A crowdfunder has been launched by community group GRASS to raise funds for initial renovation work to Cliftonville’s Oval Bandstand and Lawns.
The newly formed CIC (Community Interest Company) is in the process of taking on the freehold from Thanet council after hearing in August their bid via community asset transfer had been successful.
The authority had invited groups to takeover the landmark site on Queen’s Promenade after it was placed on the asset disposal list. Now, after hosting a series of popular events such as the Cliftonville Games and Open Air Cinema, GRASS plans to restore the site back to its former glory.
It is hoped the crowdfunder will raise £20,000 to help pay for legal fees and urgent infrastructure work to make the site safe which includes upgrading the electrics in the kiosk, installing CCTV, and repainting the bandstand to protect it from the elements.
In a statement they said: “We are really keen to reopen the kiosk and the toilets for the 2021 summer season so that walkers, cyclists, and bathers at Walpole Bay have access to these essential facilities.
“The kiosk will be used as a community café, selling a range of light refreshments to all the people that frequent the area. All profits will be reinvested to help support The Oval site, as the whole operation will be run as a nonprofit, social enterprise business.
“With your donations we hope to complete the freehold transfer of the site by the end of March 2021, so that we can start the urgent improvement works and get the site up and running for the community.”
Using the Oval as a hub for community entertainment, and engagement, is key to the GRASS Cliftonville vision. Some of the events that could be brought to the Oval include tea dances, Christmas markets, health and wellbeing classes and outdoor theatre. Bringing back live music to the bandstand, with an emphasis on local bands from Margate’s vibrant music scene, is key to their plans.
The Oval – A 130 Years of Seaside History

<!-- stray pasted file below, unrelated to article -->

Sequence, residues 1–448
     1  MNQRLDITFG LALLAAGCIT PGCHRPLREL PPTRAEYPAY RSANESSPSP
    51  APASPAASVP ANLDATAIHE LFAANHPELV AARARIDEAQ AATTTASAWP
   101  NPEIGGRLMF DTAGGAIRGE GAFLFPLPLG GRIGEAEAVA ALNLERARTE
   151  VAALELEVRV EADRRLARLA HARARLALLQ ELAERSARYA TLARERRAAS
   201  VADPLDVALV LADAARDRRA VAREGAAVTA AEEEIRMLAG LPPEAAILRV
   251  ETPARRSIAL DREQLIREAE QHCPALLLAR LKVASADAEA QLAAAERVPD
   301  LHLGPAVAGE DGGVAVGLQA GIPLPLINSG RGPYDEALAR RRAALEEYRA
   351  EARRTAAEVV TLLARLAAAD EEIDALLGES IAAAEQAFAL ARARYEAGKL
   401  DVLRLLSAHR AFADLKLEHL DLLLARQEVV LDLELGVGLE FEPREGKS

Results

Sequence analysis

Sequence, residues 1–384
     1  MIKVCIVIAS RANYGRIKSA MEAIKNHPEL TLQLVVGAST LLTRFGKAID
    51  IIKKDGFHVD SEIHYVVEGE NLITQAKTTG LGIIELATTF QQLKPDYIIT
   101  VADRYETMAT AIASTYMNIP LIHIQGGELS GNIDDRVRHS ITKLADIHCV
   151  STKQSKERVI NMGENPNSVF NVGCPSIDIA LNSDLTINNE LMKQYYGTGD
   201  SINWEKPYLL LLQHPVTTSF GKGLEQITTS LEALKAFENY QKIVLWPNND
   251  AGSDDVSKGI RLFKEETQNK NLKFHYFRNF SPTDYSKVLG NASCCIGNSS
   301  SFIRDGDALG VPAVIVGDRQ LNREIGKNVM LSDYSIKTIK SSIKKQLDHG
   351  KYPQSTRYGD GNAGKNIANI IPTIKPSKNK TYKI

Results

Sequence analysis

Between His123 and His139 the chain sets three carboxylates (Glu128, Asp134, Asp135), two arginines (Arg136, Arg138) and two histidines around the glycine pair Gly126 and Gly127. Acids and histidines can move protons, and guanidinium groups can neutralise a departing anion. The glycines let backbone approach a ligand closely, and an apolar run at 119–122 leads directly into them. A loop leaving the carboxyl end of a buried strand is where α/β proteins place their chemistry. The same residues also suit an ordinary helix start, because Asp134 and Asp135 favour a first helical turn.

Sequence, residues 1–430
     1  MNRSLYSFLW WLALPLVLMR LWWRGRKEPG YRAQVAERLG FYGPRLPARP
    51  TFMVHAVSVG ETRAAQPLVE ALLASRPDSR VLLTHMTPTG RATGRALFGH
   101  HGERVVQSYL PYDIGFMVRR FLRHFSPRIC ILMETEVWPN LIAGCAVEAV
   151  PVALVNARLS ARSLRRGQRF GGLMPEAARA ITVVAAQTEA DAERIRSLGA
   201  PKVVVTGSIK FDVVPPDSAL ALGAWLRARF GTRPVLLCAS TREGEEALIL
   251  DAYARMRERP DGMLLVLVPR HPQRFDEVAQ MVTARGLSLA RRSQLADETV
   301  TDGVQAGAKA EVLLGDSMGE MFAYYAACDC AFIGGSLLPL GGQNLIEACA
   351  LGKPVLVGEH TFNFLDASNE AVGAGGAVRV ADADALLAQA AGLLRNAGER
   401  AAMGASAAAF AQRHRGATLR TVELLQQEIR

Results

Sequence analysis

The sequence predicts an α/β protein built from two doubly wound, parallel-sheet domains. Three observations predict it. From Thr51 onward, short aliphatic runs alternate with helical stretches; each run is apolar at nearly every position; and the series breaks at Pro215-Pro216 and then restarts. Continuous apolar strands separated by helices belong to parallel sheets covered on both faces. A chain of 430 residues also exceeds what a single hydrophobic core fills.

Thanks to Suzannah Foad of Margate Local & Family History
For more than a century Cliftonville’s Oval Bandstand and Lawns has enjoyed all the beloved eccentricities of British seaside culture.
The iconic swathe of coastline has staged Royal visits, revered musicians and famed comedians while model villages and grazing donkeys have all once resided here.
Previously owned by school headmaster Charles Schimmellmann the land was sold to Jacob Lewis in 1890. In 1897 a temporary bandstand was replaced with an ornate wrought-iron structure complete with landscaped amphitheatre which was surrounded by 2,000 deckchairs for music lovers
Keeping the surrounding grass area pristine for Cliftonville High Society was donkey-keeper Benjamin Baker who use the area to graze his animals.
For the next 30 years, The Oval was the centre of Cliftonville entertainment. In 1926, improvements were made and an impressive opening ceremony was staged when the Prince of Wales, later the Duke of Windsor, opened the Prince’s Walk promenade.
Between the wars, many vocalists and comedians who played at The Oval, went on to fame and fortune. The Oval included a number of local musicians over the years. Pianists included Alex Inman in 1959 and, trombonist Jackie Wright in 1960 – who later found fame in The Benny Hill Show. Vocalists Carole Hayes and Dennis Stewart also appeared in the 1950s.
In the late 1960s and ’70s staged all-in wrestling with the likes of wrestlers Pat Roach and Big Daddy. In the 1970s there was also a model village which tourists flocked to for a chance to see miniature Margate buildings which included a Dreamland replica made by Thanet councillor Mick Tomlinson.
Work began on the models, which were scaled 1 inch to 1 foot, in 1968 and on-site in 1970. It was opened in April 1971 by the Duke and Duchess of Bedford, with a second stage due for completion the same year.
Proposals for stage two included a fishing village with boats and ferries, a quarry, watermill, school, Abbey ruins, shops, houses a fire station and more.
More than 5,000 plants were bedded in and there was even a miniature railway and illuminations at dusk. The village was located where Queen’s Court residential home is now situated.
Organist Tony Savage often played at the bandstand and is widely remembered by the community. Cliftonville Residents Association raised funds to replace the original bandstand after it fell into serious disrepair and have held successful farmers’ markets for more than a decade.